The tricky part comes in the fact that English verbs are often flexible and can either be used in a transitive or intransitive way, depending on how they’re used in a sentence. For example, you can say “I teach an English class” (transitive) or you can say “I teach.” (intransitive) In Japanese, most verbs are strictly transitive or intransitive, and many come in pairs where you have to pick the right one depending on whether you want a transitive or intransitive meaning. For example, 壊す means “to break” in a transitive sense e.g. 道具を壊した “(I) broke the tool”, while 壊れる means “to break” in an intransitive sense e.g. 道具が壊れた “The tool broke.”

Wanikani uses “to be (verb)ed” to mark intransitive verbs because often the transitivity of verbs does not match up between English and Japanese, and the passive voice is one way that English has to turn a transitive verb into an intransitive one. (Read more about valency on wikipedia)

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This may or may not be helpful to you, but I had to figure out a cheat based on English, Rise vs Raise. In a ge ru the ge sounds like the a sound in “raise”, so a ge ru is to raise (something). A ga ru is the other one, not raise–to rise. (Wow you type those out enough, both rise and raise look like nonsense words…). I also had a visual that a comes before e, so a ga ru is visually rising up yourself first, and a ge ru is reaching down to raise someone else up once you’re up. Whatever works for you!

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I’m only just learning these words now myself, but the little hack I’ve been using is to associate the “ka/ga” with the particle “ga” in that the action of 上げる 分かる 下がる are happening to the speaker/subject (generally intransitively as idleshell mentioned), while the ke/ge forms of these words are being performed by the subject onto something else (raising it, seperating it, lowering it)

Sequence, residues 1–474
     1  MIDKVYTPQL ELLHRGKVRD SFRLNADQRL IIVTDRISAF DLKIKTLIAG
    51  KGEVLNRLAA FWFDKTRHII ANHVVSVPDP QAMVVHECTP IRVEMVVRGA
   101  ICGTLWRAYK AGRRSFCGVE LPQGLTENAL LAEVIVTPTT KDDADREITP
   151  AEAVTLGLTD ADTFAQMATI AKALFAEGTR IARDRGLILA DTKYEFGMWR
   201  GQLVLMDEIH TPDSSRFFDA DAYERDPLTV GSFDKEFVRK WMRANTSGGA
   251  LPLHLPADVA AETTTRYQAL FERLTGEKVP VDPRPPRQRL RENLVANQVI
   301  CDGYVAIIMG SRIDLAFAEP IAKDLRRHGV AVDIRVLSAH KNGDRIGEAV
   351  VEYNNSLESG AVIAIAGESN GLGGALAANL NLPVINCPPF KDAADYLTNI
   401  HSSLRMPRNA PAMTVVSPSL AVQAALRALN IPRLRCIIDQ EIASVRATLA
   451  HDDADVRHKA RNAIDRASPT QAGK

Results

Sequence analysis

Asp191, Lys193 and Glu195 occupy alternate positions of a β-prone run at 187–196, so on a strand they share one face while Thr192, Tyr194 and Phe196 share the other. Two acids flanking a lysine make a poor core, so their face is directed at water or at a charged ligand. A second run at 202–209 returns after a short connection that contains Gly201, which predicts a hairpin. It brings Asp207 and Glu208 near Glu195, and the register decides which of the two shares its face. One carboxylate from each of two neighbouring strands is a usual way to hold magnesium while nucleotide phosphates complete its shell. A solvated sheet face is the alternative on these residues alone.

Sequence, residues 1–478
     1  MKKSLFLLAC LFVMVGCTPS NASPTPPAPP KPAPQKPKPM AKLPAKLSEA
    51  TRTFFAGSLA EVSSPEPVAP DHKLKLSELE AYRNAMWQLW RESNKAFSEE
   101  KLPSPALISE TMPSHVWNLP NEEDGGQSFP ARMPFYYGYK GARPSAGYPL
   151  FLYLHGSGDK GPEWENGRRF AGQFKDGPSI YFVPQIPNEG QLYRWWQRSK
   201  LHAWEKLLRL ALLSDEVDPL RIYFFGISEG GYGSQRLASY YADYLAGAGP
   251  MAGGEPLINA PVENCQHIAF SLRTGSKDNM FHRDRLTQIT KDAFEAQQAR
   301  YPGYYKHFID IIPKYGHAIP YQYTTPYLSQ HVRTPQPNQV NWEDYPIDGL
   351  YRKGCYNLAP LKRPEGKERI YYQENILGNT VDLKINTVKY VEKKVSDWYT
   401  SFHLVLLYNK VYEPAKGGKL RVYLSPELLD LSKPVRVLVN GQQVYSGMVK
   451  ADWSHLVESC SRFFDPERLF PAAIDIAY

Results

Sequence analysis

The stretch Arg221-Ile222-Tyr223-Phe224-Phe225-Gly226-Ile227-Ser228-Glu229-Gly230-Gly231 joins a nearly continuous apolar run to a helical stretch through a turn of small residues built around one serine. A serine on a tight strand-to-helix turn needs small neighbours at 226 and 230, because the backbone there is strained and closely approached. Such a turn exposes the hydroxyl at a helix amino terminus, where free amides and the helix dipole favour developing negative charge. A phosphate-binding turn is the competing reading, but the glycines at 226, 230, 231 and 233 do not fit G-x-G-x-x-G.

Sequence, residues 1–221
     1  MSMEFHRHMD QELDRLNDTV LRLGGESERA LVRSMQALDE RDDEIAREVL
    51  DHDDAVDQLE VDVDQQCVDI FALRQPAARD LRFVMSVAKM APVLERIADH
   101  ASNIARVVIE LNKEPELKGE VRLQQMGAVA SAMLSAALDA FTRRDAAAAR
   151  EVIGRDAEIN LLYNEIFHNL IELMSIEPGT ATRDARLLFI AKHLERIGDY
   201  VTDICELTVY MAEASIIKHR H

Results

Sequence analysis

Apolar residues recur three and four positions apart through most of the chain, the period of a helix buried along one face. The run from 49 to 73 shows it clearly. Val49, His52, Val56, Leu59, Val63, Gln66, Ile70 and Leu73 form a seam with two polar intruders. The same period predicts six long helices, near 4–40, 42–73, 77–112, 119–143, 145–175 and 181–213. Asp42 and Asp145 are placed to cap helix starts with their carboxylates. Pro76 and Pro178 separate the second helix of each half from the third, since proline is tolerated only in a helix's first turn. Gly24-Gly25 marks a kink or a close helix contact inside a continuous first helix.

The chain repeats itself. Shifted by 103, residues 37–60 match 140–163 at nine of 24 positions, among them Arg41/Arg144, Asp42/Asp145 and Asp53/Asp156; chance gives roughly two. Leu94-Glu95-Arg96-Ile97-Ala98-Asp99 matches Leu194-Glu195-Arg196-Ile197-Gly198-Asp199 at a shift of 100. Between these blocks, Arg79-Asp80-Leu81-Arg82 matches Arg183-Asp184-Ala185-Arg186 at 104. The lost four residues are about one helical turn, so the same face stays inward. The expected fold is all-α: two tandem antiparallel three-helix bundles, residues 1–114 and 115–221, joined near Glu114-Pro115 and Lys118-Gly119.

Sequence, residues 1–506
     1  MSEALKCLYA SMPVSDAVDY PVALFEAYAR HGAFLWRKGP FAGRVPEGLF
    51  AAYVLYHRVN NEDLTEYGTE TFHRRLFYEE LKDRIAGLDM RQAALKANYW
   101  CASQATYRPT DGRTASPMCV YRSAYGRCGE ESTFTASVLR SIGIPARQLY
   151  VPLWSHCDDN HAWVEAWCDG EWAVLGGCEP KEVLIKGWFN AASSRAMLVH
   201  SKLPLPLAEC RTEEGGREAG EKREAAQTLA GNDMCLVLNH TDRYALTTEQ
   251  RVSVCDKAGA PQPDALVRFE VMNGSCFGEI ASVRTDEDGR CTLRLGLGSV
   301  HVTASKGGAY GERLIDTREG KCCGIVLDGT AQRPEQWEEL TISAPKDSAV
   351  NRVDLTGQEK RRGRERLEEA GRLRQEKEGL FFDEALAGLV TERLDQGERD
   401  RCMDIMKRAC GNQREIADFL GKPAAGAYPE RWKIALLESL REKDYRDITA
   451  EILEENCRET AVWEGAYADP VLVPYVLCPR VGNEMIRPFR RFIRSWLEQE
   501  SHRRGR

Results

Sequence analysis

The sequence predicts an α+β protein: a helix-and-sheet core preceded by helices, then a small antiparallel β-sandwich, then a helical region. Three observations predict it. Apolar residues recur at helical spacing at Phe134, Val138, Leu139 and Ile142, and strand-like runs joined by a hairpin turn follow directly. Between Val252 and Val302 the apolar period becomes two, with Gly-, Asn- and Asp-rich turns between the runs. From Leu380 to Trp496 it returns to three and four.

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OP you may be interested in these videos on transitive/intransitive pairs.

Cure Dolly’s and Misa’s

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You’re probably right! I think I might’ve added unnecessary confusion, apologies!

I meant it from personal experience, because to me as a learner it was bothersome to use passive voice forms of verbs when regular intransitive forms are available. 変わる is to me still a top offender and because of that, a leech, because I never bothered to add “to change” as a synonym (or perhaps it’s on a block list and I haven’t noticed?).

Whenever coming apart is concerned, I always think of 割れる :smiley: . But yeah, quite confusing at times, transitivity is.

Here is my surefire method to learn these:

  1. Say 上がる
  2. Stand up.
  3. Say 上げる
  4. Raise your right hand.
  5. Say 下がる
  6. Sit down.
  7. Say 下げる
  8. Lower your right hand.

Repeat this a few times and it should stick. Feeling silly while doing it will also help it stick. As will saying it in a sing-song voice. Preferably to the tune of Yakko’s World.

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It’s so much more effort to memorise all these pairs when you can just learn the basic rule that ~aru verbs are almost always intransitive and ~su verbs are almost always transitive. And if you know what one of the verbs in a pair is, the other is almost always the opposite

The real move is just reading and naturally just figuring out which is which. I used to think 五段 vs 一段 and transitive vs intransitive would be so hard. Put basically 0 effort into it and ended up having no problems :smiley:

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I like to keep the mnemonic, that su verbs are transitive, because they move (su)mthing else

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I’ll add that the reason a lot of the “rules” for telling transitivity work is because of how many verbs formed from combinations with the verbs ある (the basic intransitive verb) and する (the basic transitive verb). A lot of common verb endings are pretty easily linked to one of these which will almost always tell you the transitivity. There are indeed a few exceptions, mostly in cases where there’s no pair.